Exclusives : ‘What’s Next to You Matters’: Expert Calls for a Sharing-Native 6G

‘What’s Next to You Matters’: Expert Calls for a Sharing-Native 6G

It was last year when Cristina Data, Director of Spectrum Policy & Analysis at the British regulator Ofcom, said that “sharing [spectrum] will become more important when we’re trying to enable (6G) use cases in society. Even earlier, in 2020, experts were already discussing the importance of spectrum sharing for future networks.

Now another advocate for this approach calls for a step further. “One of the things I would like to throw out here to consider is the idea of 6G being sharing-native,” argued Monisha Ghosh, Professor at the University of Notre Dame and policy director for SpectrumX, during her talk at the 6GSymposium Spring 2024.

According to Ghosh, up to two-thirds of some mid-band spectrum in the United States is allocated for federal applications. As sharing solutions start encroaching on commercial wireless on these bands, the industry will have to deal with new challenges.

Let us take CBRS as an example—a shared band that sits between two exclusively licensed bands in the US. The primary sharing happens with the Navy, with the government leaving it to deployers to figure out the secondary sharing. Then you have the third tier, called General Authorized Access (GAA), which belongs not to MNOs but to entities such as school districts.

“The problem is that when you deploy a network in CBRS with a certain set of channels, and somebody else deploys a network in an adjacent channel, some things need to happen,” the professor explained.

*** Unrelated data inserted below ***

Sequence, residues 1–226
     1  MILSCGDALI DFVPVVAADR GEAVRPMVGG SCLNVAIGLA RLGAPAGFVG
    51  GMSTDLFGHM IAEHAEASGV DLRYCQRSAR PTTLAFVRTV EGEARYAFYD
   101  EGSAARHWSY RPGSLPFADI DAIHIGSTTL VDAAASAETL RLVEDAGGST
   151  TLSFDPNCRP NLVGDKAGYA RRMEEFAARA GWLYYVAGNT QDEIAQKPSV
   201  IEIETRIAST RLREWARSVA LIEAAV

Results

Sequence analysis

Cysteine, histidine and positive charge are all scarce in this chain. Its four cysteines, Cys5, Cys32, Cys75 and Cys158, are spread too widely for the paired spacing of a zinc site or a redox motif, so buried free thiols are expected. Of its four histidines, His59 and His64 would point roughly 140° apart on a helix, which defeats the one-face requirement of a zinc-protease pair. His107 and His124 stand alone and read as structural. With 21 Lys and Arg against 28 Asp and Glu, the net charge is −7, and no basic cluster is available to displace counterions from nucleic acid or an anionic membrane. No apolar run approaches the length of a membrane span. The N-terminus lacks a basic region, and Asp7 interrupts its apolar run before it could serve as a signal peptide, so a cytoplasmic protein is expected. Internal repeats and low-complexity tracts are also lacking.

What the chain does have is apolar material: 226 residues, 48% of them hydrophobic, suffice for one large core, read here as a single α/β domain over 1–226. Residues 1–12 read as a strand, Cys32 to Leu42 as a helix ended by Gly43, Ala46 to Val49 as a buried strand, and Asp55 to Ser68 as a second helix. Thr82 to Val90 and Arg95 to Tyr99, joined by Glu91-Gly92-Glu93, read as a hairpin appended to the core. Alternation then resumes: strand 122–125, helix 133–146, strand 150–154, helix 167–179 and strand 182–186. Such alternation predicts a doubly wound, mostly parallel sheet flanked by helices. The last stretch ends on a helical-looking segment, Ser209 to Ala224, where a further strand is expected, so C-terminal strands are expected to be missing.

“There is a big problem with TDD when you’re trying to deploy it in a shared spectrum. The TDD splits [uplink and downlink], and the channels have to match. You cannot have one channel trying to do a downlink while you’re trying to do an uplink on an adjacent channel.”

Ghosh said that her team has been measuring these shared deployments, and the results show how difficult it could be to manage the situation. It becomes even worse when considering nationwide networks.

“This is a fact I don’t think people recognised as much when 5G was being deployed. 5G enables many TDD splits. You can have one downlink, seven uplink [or] seven downlink, one uplink, for example. However, there’s only one TDD split that can be implemented across the country because all of these 5G operators’ bands are right next to each other, and there’s no way that one operator can do a different split from others.”

Her other concern regards verticals. “In my mind, there’s no way any of those vertical applications – other than consumer broadband – can be supported in the current way that 5G is specified,” she argued.

“As we look forward into 6G, and if we recognise that a lot of 6G will be used for vertical applications that are not downlink-heavy, we must think about our spectrum policies and how we support an application that’s uplink-heavy right next to a channel that is downlink-heavy. Our current 5G specification doesn’t do it at all.”

Ready from the Beginning

The solution for those problems? According to the expert, taking a different approach to design. “I personally think that developing 6G as a specification that, from day one, can operate in shared spectrum as efficiently as it does in exclusively licensed spectrum is increasingly important.

“When we talk about sharing, we think about co-channel a lot, but it’s not that. It should also be about the adjacent channel. When you’re a high-power cellular system, it’s not just what you’re doing in your channel; it’s what is in this channel next to you that matters.”




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